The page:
Central Florida’s modeling, simulation and training (MS&T) community is in mourning for the death of retired Navy Rear Adm. James “Jim” Robb, president of the National Training and Simulation Association (NTSA).


Robb was a beloved member of the MS&T community and a passionate advocate for the work accomplished by the industry and the advances it made. To his NTSA colleagues, he was “known for his tireless advocacy, kindness and ability to bring together diverse groups toward a common goal; he played a pivotal role in advancing the interests of our warfighters and enhancing national security.”


He served his country as a naval aviator (call sign: “Rookie”) in a storied career that spanned 34 years, from 1972 to 2006. His extensive experience piloting multiple aircraft totaled over 5000 hours in the sky, over 1000 carrier landings, and nine deployments that included Enduring Freedom and Iraqi Freedom. Robb led sailors as the commanding officer of multiple units, to include the famed Navy Fighter Weapons School, popularly known as “Top Gun.”


Despite a busy military career, he also managed to marry Judy, the “best gal in the world” on June 2, 1979.


Throughout his time in the military, Robb sometimes couldn’t help but to be a pioneer, with a career that included some notable “firsts” for the Navy, such as his selection as one of the first six pilots to join the F-14 “Tomcat” fleet introduction directly out of training command, becoming the only pilot to recover an F-14 from a fully developed flat spin, and he was the first Navy flag officer into Kabul after its fall in December 2001. In Kabul, he mission-coordinated allied and Afghan operations to stabilize Afghanistan and reopen the U.S. embassy, and he led the mission that negotiated the International Security Assistance Force’s creation.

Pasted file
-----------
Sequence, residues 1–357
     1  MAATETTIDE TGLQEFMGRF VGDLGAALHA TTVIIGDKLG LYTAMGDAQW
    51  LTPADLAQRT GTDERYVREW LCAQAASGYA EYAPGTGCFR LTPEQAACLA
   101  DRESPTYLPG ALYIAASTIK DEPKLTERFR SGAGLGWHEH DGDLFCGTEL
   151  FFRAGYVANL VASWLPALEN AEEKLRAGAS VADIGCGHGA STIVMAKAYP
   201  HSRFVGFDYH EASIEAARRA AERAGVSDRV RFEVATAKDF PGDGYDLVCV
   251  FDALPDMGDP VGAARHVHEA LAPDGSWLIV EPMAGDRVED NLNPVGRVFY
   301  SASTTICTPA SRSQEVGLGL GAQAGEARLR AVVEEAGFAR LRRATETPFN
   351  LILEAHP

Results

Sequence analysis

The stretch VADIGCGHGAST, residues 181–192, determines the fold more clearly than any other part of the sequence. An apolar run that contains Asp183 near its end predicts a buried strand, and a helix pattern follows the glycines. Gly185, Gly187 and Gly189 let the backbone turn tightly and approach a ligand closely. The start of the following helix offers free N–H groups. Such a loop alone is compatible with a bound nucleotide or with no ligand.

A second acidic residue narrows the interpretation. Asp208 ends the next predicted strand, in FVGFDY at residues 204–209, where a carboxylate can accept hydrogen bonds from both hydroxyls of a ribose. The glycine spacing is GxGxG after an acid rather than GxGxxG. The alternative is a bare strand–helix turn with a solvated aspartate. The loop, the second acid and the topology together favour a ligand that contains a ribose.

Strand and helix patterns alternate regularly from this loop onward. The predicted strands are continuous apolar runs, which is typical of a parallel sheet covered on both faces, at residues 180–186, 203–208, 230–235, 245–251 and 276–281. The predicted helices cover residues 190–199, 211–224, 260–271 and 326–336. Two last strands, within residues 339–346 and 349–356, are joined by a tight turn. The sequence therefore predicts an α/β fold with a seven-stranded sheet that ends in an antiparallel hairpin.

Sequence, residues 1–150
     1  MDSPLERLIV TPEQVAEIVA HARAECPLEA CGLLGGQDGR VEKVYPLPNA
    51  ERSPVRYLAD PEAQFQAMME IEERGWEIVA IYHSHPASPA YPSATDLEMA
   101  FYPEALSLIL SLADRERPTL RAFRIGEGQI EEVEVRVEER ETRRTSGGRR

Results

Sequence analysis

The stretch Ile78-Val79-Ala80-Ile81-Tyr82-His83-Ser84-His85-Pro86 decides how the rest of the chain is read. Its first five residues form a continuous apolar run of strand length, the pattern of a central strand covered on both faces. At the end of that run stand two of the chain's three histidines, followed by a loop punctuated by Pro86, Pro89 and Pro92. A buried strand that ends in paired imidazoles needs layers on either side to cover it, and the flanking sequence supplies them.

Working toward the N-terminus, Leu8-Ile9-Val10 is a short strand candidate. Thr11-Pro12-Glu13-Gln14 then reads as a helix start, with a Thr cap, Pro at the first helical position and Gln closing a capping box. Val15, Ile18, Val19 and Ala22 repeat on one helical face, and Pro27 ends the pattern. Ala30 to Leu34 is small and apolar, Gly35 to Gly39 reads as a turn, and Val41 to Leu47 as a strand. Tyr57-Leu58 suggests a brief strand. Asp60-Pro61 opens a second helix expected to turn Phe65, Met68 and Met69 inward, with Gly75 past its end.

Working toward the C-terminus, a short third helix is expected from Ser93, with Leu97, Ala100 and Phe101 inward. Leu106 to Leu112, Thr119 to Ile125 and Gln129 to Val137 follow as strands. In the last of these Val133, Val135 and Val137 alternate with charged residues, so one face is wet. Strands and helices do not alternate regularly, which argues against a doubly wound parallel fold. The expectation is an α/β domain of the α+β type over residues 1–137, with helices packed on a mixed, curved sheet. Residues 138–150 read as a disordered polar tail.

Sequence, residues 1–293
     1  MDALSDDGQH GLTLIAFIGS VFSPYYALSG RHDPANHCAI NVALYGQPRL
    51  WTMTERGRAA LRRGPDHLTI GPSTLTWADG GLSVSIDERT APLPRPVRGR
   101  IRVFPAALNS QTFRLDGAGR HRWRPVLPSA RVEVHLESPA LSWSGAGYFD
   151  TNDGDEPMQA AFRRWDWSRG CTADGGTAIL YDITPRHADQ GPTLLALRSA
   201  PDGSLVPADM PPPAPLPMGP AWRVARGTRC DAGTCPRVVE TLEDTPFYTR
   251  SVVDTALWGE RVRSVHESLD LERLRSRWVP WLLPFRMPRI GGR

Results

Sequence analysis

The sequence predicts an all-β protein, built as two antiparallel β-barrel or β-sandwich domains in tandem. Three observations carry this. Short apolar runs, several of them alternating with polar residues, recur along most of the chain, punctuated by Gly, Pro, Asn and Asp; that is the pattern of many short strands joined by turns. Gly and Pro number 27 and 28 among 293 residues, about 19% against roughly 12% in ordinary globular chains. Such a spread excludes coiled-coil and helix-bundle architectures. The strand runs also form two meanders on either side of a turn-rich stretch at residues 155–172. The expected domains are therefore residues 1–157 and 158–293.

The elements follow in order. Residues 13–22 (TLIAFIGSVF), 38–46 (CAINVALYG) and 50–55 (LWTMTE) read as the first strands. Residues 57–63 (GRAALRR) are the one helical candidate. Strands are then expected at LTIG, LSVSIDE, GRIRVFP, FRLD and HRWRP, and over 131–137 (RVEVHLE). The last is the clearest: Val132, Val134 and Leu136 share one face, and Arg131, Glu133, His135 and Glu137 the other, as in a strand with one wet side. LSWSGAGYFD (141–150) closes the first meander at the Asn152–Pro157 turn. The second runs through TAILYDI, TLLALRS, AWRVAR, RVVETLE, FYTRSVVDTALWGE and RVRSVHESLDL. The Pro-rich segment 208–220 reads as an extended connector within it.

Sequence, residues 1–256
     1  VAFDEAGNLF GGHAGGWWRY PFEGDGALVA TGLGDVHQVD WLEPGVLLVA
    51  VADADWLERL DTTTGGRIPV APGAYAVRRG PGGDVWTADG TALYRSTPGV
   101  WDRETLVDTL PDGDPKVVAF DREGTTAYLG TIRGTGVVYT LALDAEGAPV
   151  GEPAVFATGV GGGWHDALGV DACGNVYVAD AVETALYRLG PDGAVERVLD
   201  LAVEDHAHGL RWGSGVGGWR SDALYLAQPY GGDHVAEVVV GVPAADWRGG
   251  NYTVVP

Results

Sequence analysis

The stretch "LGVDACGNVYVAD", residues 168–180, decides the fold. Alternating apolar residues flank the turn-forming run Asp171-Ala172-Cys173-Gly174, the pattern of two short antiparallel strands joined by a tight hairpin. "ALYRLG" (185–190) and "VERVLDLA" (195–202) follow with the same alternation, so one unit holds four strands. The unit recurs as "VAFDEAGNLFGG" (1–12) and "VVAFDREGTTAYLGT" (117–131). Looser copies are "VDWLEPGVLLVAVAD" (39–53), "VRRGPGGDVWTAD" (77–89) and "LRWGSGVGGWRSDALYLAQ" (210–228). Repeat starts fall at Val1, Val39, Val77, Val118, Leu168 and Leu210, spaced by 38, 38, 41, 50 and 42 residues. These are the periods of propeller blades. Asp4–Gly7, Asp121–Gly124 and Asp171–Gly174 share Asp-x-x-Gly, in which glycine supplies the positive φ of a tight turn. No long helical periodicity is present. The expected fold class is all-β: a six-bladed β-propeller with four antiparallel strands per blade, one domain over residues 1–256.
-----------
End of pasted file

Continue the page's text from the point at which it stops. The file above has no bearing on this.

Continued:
Robb became a recognized expert in training and simulation in the Navy, having dedicated a significant amount of his career to teaching fighter tactics and threat simulations. After retiring from the Navy, Robb focused his energies into a second career in the MS&T industry.


He founded Robb and Associates, Inc. in 2006, and later became NTSA president in 2012 where he continued to promote the MS&T community, and he championed the application of modeling and simulation beyond military training, into fields as diverse as healthcare and engineering.


“Admiral Robb was a tremendous leader and it’s a sad day for all of us in the MS&T community,” said George Cheros, president and CEO of the National Center for Simulation (NCS). “During my conversations with him, his dedication and concern for our industry always came through loud and clear. The NCS team joins our colleagues at NTSA in mourning his passing and my thoughts and prayers are with his family at this difficult time.”


To the Robb family, Team Orlando News offers our condolences – and to Rookie, we wish fair winds and following seas.


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